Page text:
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Thus, to allude only to leading details, while the little Porte Rouge attains the almost extreme limit of the Gothic refinement of the fifteenth century, the pillars of the nave, in their size and gravity of style, go back to the Carlovingian Abbey of Saint-Germain des Pres. One would say that there was an interval of six centuries between that door and those pillars.

He showed a fair amount of information as he changed his subject from the ice floes of Spitzbergen to the dunes of Gascony, from a Carlovingian charter to the flora of the Sahara, from the progress in beetroot growing to Caesar's trenches before Alesia.

But in the rigid interpretation of the laws, every one may accept, without injury, whatever his benefactor can bestow without injustice. The Greek emperor had abdicated, or forfeited, his right to the Exarchate; and the sword of Astolphus was broken by the stronger sword of the Carlovingian.

The same ceremony was repeated, though with less energy, in the subsequent associations of Lothaire and Lewis the Second: the Carlovingian sceptre was transmitted from father to son in a lineal descent of four generations; and the ambition of the popes was reduced to the empty honor of crowning and anointing these hereditary princes, who were already invested with their power and dominions.

Over and above this, we are of opinion that the Saracens were unequal to the sort of hardships bred by cold climates; and there lay another repulsion for Saracens from France, &c., and not merely the Carlovingian sword. We children of Christendom show our innate superiority to the children of the Orient upon this scale or tariff of acclimatizing powers.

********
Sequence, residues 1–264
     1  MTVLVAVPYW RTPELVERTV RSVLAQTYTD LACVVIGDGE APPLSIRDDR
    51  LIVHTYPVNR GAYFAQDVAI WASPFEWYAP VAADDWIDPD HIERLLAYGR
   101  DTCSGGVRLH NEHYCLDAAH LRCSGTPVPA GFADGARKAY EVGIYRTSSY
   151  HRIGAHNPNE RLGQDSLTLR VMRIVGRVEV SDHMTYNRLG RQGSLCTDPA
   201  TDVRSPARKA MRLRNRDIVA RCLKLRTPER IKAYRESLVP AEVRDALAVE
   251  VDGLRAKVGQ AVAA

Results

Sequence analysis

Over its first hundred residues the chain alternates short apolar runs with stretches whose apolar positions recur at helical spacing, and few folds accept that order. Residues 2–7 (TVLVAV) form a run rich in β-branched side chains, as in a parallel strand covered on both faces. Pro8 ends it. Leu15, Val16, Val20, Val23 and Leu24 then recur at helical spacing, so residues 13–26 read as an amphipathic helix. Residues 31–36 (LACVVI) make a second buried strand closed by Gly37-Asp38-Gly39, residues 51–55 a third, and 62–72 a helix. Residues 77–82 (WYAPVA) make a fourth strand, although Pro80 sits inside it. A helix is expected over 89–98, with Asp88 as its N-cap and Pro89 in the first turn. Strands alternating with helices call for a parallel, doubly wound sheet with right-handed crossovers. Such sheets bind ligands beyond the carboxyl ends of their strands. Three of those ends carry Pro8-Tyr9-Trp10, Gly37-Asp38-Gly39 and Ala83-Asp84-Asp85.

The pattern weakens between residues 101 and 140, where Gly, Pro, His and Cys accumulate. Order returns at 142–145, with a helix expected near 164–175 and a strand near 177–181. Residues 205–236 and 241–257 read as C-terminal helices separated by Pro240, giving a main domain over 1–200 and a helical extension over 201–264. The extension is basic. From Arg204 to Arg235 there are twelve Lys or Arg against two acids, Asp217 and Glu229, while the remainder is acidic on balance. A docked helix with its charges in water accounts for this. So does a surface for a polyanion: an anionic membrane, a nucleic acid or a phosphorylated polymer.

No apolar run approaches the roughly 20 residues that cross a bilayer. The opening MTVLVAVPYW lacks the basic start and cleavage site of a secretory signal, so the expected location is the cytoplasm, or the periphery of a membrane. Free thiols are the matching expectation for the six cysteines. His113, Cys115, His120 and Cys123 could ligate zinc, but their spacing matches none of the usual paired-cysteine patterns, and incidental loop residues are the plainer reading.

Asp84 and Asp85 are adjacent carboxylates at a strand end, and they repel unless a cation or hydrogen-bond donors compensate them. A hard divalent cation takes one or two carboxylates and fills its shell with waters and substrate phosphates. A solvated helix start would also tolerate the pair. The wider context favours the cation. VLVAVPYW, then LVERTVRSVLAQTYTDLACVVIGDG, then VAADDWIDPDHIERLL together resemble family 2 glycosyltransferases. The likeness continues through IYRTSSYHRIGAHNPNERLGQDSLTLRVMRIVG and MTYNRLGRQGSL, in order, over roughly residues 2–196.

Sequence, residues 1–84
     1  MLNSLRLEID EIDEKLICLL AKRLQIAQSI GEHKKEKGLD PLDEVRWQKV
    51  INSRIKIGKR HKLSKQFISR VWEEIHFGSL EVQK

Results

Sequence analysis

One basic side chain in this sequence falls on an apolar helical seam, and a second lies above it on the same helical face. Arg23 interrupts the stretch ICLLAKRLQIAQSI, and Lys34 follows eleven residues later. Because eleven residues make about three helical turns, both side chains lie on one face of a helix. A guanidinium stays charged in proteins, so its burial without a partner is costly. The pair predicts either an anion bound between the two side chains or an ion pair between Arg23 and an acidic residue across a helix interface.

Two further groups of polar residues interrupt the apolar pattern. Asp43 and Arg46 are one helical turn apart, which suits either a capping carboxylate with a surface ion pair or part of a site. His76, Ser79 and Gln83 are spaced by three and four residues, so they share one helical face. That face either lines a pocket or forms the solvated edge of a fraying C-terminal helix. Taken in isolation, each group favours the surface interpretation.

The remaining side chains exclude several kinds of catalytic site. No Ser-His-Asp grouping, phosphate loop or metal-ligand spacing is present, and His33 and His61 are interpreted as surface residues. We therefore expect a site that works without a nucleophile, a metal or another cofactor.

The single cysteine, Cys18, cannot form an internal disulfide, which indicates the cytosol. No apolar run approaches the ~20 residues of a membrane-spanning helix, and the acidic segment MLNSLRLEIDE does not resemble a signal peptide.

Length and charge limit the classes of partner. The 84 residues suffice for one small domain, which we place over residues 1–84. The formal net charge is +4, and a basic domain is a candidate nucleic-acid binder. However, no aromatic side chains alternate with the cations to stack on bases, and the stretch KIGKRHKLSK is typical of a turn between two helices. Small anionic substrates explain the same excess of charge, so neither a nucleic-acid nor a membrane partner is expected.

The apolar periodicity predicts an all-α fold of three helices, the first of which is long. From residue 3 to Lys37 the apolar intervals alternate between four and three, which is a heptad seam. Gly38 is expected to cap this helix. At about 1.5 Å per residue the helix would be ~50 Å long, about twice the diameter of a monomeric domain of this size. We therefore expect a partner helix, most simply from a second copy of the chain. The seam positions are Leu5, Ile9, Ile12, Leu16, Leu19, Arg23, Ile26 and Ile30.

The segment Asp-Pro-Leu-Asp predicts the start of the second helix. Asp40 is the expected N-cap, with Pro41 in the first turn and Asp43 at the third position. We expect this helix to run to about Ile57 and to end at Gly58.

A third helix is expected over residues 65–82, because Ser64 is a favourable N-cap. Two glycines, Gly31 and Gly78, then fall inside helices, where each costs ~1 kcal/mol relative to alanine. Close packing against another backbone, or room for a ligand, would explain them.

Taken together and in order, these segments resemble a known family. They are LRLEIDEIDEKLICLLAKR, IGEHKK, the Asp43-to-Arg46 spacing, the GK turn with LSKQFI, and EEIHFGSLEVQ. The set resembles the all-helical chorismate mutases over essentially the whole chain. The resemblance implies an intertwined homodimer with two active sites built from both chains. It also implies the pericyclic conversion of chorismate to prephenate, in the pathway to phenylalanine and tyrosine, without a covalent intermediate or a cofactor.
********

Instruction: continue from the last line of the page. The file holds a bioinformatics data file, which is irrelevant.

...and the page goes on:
If I had only suspected the fraud, I might have been tempted to keep suspicion down in order to spare the picture of the Carlovingian age which I had elaborated; but it is known at the École des Chartres, and the Abbé B. Massabie of Figeac has, moreover, written a book that removes all doubt as to the spuriousness of the charters upon which the abbots of Figeac, when their jealousy of Conques reached its climax in the eleventh century, based their pretensions to priority.

I will endeavor to give, therefore, a description of Lombard society about the close of the eighth century, as brief as is consistent with a clear understanding of these relations, and as complete as the great difficulties of the subject will permit, pointing out, whenever they are authentically traceable, the changes introduced in consequence of the Carlovingian conquest.

Nevertheless, this does not forbid the supposition that the legend, as we have it, may have been formed by the crystallization of mythical conceptions about a nucleus of genuine tradition. In this view I am upheld by a most sagacious and accurate scholar, Mr. E. A. Freeman, who finds in Carlovingian romance an excellent illustration of the problem before us.

Before having himself crowned by the Pope, after the example of Charlemagne, Napoleon was anxious to go to meditate at the tomb of the great Carlovingian Emperor, of whom he regarded himself as the worthy successor.

Moreover, the Carlovingian race had been exhausted by producing a race of heroes like the Pepins and the Charleses. The family became, soon, as contemptible as the ox-drawn, long-haired "do-nothings" whom it had expelled; but it is not our task to describe the fortunes of the Emperor's ignoble descendants.